Tuesday, June 05, 2018

A plurality of pastors

Back in 2006 I wrote about the Plurality of Elders.[i] I have not discussed this in detail since that time, if I remember correctly. The New Testament Scriptures present a strong case for plurality of pastors or elders. Texts that support the case are found at the link mentioned previously, and I list some of them here:
These verses of Scripture and others constitute a biblical case of the practice of the early church, as taught and instructed by the apostles. The consistent pattern in the New Testament is that each church had elders/pastors plural.[ii]

Theological evidence also supports pastor plurality, harmonizing with the practice of the New Testament churches. Our Lord Jesus emphasized the ideal of equal Christian servants. Although “the princes of the Gentiles exercise dominion” Jesus told the apostles “it shall not be so among you” (Matthew 20:25-27).[iii] The local church is a body in which each member is indispensable (1 Corinthians 12:12-31), and Jesus Christ is the one and only head of the church (Ephesians 1:22). Pastors are not authoritarian dictators, but placed in submission under him. The sheep are the Lord’s and the pastors are to feed them (John 21:15-17; Acts 20:28). Ministers ought to take the servant’s part (John 13:14), give preference to others (Romans 12:10), and be mutually accountable to one another (James 5:16). Pastors – yea, all of us – serve in community rather than isolation (Hebrews 10:24-25; John 13:35).

While we would not build a biblical case on practical evidence, the practical evidence of churches with a plurality of pastors strengthens the cord. In “Who Should Run the Church? A Case for the Plurality of Elders,” Daniel Wallace asserts, “Churches that have a pastor as an authority above others (thus, in function, a monarchical episcopate) have a disproportionately high number of moral failures at the top level of leadership.  In other words, it is less likely for a pastor to fall into sin if he is primus inter parus (‘first among equals’ in the sense of his visibility and training, not spirituality) than if he is elevated above the rest of the church leadership.”[iv] Therefore, there is not only the New Testament practice of plurality and the theology of mutual accountability, but also the practical reasons for it. A good resource on this is found in “Practical Advantages of a Plurality of Pastors,” in The Pillar, Spring, 1989 See page 11.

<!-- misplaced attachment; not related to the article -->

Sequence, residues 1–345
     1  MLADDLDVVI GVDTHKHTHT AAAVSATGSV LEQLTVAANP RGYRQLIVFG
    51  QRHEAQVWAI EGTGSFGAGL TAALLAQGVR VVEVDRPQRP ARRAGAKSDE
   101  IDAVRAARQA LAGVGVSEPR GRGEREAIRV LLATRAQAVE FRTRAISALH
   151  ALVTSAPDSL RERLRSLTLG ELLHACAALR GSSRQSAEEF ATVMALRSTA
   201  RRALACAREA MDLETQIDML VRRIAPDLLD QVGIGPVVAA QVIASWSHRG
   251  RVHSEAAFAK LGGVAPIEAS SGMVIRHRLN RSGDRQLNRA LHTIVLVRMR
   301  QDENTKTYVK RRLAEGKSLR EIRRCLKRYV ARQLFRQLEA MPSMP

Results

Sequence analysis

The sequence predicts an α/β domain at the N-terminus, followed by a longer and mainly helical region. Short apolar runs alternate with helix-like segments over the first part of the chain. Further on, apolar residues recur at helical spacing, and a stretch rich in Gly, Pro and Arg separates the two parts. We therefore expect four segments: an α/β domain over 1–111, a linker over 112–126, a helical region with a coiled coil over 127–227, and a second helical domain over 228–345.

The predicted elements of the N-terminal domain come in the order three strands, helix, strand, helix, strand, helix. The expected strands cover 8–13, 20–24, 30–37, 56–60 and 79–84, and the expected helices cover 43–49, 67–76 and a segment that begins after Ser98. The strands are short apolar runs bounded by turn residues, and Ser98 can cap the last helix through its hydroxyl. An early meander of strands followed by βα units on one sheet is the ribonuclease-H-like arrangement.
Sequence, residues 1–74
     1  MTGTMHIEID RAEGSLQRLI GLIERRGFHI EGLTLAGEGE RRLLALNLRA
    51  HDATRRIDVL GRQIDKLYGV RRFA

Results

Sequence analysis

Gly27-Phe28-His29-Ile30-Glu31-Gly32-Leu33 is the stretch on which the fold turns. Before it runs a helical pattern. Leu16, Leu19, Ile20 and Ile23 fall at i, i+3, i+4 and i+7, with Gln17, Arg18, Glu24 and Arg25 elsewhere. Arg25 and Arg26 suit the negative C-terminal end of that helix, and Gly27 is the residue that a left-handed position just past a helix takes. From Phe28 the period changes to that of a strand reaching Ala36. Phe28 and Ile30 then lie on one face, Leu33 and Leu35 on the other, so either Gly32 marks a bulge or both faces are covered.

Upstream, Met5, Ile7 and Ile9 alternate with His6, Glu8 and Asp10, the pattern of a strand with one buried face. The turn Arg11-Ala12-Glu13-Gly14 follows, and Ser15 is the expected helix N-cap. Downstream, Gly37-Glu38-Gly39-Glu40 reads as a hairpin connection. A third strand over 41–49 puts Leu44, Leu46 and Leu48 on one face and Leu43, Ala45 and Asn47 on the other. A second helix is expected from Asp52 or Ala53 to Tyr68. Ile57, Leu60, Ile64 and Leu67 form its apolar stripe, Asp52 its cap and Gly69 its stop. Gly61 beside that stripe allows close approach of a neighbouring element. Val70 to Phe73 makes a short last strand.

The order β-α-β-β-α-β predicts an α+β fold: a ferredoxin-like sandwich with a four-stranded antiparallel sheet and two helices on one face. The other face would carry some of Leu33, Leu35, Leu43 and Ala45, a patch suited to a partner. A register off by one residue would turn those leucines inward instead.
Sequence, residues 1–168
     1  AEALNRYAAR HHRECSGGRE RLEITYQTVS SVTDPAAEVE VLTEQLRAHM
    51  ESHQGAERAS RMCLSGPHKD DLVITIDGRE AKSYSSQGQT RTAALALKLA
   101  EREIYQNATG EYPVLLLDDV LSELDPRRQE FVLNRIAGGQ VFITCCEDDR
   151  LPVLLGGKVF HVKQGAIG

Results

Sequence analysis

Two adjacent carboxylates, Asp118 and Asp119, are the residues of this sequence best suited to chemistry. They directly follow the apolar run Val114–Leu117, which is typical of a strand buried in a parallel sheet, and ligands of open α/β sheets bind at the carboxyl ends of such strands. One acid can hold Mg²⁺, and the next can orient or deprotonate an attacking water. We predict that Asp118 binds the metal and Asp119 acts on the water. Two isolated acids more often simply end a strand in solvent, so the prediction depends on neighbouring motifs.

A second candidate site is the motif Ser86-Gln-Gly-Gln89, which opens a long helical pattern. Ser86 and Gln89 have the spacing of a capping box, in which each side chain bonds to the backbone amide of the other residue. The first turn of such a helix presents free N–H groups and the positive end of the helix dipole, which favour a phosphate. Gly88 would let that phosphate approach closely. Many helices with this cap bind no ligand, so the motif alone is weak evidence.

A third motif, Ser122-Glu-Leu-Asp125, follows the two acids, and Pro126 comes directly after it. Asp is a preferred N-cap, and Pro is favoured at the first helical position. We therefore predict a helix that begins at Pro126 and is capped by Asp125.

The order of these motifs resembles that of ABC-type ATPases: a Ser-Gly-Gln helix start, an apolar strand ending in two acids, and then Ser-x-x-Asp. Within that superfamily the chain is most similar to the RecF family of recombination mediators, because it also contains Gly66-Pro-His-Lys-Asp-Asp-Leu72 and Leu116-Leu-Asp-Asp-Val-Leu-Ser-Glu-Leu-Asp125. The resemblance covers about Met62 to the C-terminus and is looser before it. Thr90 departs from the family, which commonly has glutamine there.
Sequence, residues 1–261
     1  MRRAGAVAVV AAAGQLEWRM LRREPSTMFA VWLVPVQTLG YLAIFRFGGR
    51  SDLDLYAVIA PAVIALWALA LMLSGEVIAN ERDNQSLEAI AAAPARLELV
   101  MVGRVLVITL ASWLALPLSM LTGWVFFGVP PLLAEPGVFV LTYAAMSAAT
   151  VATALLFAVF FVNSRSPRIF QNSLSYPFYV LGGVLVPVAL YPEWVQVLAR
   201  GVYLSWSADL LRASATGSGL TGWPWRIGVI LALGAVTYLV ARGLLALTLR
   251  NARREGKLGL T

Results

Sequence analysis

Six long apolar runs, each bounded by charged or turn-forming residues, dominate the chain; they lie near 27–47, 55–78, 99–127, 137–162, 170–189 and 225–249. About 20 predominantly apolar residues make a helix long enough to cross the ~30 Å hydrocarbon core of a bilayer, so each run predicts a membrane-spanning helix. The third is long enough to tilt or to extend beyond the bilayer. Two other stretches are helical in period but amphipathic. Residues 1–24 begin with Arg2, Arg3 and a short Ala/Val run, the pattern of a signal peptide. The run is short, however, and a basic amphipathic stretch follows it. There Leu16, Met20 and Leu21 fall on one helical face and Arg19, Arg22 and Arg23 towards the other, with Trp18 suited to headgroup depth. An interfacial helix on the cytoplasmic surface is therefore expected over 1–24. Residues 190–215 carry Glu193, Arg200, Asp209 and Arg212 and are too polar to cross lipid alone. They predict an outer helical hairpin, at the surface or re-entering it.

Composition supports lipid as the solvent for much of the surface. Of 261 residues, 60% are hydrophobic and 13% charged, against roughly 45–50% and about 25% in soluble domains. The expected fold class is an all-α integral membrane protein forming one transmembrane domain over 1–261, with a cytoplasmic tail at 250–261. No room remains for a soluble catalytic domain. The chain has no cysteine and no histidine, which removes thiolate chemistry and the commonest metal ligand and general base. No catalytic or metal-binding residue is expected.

There is historical evidence for pastor plurality, some of which I will begin to show tomorrow: History of the plurality of pastors, a beginning.[v]

[i] By a plurality of elders, I mean more than one teaching elder/pastor/bishop of equal standing in the local church –   equal in the sense that there is not any one ruling over the others. I believe the New Testament uses of elder, pastor, and bishop refer to the same office. Elder is more common in the New Testament than pastor, but I have used pastor in this article because more Baptists seem to think of the right office with that term while nowadays misunderstanding the time-honored term elder.
[ii] Some have argued that Paul’s use of bishop singular and deacons plural in 1 Timothy 3:2, 8 supports the single-pastor model. Under the heading “For Single Elders,” Daniel Wallace writes, “the ‘bishop’ in 1 Tim 3:2 is generic.  The article is used this way in Greek very frequently.” Benjamin Merkle says “it is probable that the singular form ‘the overseer’ (ton episkopon) in 1 Timothy 3:2 is a generic singular. This means that the author is not indicating that there is only one overseer in each church but that the singular form is used generically to indicate that overseers as a class are in view. As was true in the case of Titus 1:5-7, the singular use of ‘the overseer’ could have been influenced by the singular use of ‘if anyone’ (ei tis) in the preceding verse (1 Tim 3:1). The context of 1 Timothy 2:8–3:16 also argues in favor of interpreting the singular form of ‘the overseer’ as a generic singular since other generic singulars are used.” Further, Paul goes on to speak of the elders (plural) that rule well and we know there were elders plural in Ephesus, where Timothy was when Paul wrote to him (1 Timothy 1:3; Acts 20:17-28).
[iii] We can nevertheless recognize that among these equal pastors there are those with differing gifts and differing amounts of experience.
[iv] “…if there is just one leader, the church will inevitably take on that man's personality, including his quirks and faults.  But if more than one person leads the church, there is the greater chance that the church will be balanced.”
[v] Baptist history often demonstrates a single-pastor model (either a single pastor for one congregation, or sometimes a single pastor for several congregations) rather than the plural-pastor model, but the plural-pastor model is present throughout history. Every instance of a “plurality of elders” mentioned may not always mean a plurality of co-equal pastors. Sometimes the author means a plurality of ruling elders. At times it is hard to discern which is meant without more extensive research.

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